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Syspeace, SHA-2 certificates and Windows Server 2003 | Syspeace

http://www.syspeace.com/news/syspeace,-sha-2-certificates-and-windows-server-2003/

#infosec Over 3.1 Million bruteforce attacks against #windowsserver #msexhange #Sharepoint #remotedesktop #Citrix blocked by #Syspeace

Syspeace , intrusion prevention for Windows servers,  has blocked,tracked and reported over 3.1 Million bruteforce and dictionary attacks targeted worldwide at Windows Servers running Remote Desktop , Exchange, Citrix, Sharepoint, SQL Server and other services.

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#Syspeace stops due to license server inaccessable on #Windows Server 2003 #infosec

Syspeace service stops due to license server not reachable / inaccessibility on Windows Server 2003

We’ll actually update the troubleshooting section with info for Windows 2003 Servers but here’s why this can occur.

Apparently root certificates are not automatically updated on Windows Server 2003:

http://support.microsoft.com/kb/931125

> The automatic root update mechanism is enabled on Windows Server 2008 and later versions, but not on Windows Server 2003. Windows Server 2003 supports the automatic root update mechanism only partly. (This is the same as the support on Windows XP.) And because the root update package is intended for Windows XP client SKUs only, it is not intended for Windows Server SKUs. However, the root update package may be downloaded and installed on Windows Server SKUs, subject to the following restrictions.

> If you install the root update package on Windows Server SKUs, you may exceed the limit for how many root certificates that Schannel can handle when reporting the list of roots to clients in a TLS or SSL handshake, as the number of root certificates distributed in the root update package exceeds that limit. When you update root certificates, the list of trusted CAs grows significantly and may become too long. The list is then truncated and may cause problems with authorization. This behavior may also cause Schannel event ID 36885. In Windows Server 2003, the issuer list cannot be greater than 0x3000.

This can be resolved for Syspeace by manually installing the gd-class2-root.crt certificate from this page: https://certs.godaddy.com/anonymous/repository.pki

#infosec Is there a need for intrusion prevention for Windows Servers like #Syspeace?

Syspeace icon

Syspeace icon

What is a brute force attack or dictionary attack really and how would Syspeace help?

Essentially it is someone who is trying to guess the right combination of username and password to gain access into your serveers for example a Microsoft Exchange Serve and the OWA (Outlook Web Access), Terminal Server/RDS (Remote Desktop Server), Sharepoint, SQL Server, Citrix and so on.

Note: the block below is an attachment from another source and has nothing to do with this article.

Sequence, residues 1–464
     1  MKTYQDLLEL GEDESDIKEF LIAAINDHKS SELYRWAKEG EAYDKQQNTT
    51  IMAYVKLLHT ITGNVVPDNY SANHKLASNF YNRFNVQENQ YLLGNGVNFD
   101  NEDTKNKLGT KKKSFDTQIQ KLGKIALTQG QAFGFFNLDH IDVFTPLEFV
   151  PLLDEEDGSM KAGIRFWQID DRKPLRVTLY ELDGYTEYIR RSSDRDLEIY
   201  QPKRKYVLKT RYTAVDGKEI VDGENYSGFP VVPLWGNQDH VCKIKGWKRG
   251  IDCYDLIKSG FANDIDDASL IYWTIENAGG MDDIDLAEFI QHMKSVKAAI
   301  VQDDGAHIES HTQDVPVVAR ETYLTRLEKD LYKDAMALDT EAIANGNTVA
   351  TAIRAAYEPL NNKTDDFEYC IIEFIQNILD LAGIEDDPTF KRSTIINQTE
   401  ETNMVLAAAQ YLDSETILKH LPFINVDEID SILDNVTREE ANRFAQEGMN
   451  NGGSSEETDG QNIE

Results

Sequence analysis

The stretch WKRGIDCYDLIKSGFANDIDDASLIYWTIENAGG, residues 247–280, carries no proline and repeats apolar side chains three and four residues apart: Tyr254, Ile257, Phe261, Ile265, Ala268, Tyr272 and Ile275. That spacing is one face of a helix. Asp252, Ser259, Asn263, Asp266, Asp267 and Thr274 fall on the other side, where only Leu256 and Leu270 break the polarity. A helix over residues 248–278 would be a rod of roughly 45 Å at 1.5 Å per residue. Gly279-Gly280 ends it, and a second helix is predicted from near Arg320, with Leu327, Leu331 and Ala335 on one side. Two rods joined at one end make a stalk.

The attacker uses automated software to try to guess the right combination to be able to login and steal data or to elevate their rights. One attack can render in thousands of login attempts, it can go on for hours or days and it is a heavy load for the server to handle that in regards of CPU, RAM, network traffic and so on.
Each login request has to validated and checked if it is legitimate or not.

A comparison of a brute force attack and the real world be be this (this is an excerpt from the Syspeace website)

Imagine that your company has a physical facility. If someone repeatedly tries to gain access with a fake key or invalid key card, you would expect that your security guards would notice and not let the intruder through

Aren’t there builtin protection into Windows Server against these attacks ?

In short. No.
The only built in mechanisms in Windows Servers are basically the ability to enforce strong passwords and to enable account lockout.

To enable strong passwords is a good thing, even if you’re running an intrusion prevention software for Windows like Syspeace.
If you have easy-to-guess passwords, it won’t really matter what protection you’re sunning since if a login is valid, no software would block it anyway. A valid username and password is always a valid login. So, please ensure you require users to use strong and complex passwords and allow for Syspeace to capture the attack.

The second method , ie. account lockout, might actaully do you more harm than good and here’s why.
If the system you’re protecting is for instance an Exchange Server or an RDS Server and it is probably facing he Intenet to provide service for your users or customers. To figure out a username doesn’t have to be that complicated fo an attacker. They’ll first try to understand the email policy naming convention, scavenge the Internet for metadata and the simply start trying to login using the email address as the username (since this is quite often a valid login name) and try guess to guess the password.

If you’ve enabled the Account Lockout Policy the affected users accounts will be constantly locked since the attacker will automate the attack and try thousands of time for each user they know are in the system.

If you’ve been hit with an attack and it is just from a single IP address, you’d probably just block it in the Windows Firewall (or the external firewall) and unlock the affected users accounts and that’s it. Hopefully you’d also report it.

Now, what if the attack is actually done from hundreds or thousands of computers at the same time ? Blocking them manually isn’t really an option is it ?
One simple and quick solution is to download the fully functional trial of Syspeace , install it and have Syspeace block, track and report the attack.

How can Syspeace help as an Intrusion Prevention for Windows Servers and do I set it up?

The idea behind Syspeace is the ease of use and independence from other software and appliances and also not to enforce a change in your network or infrastructure.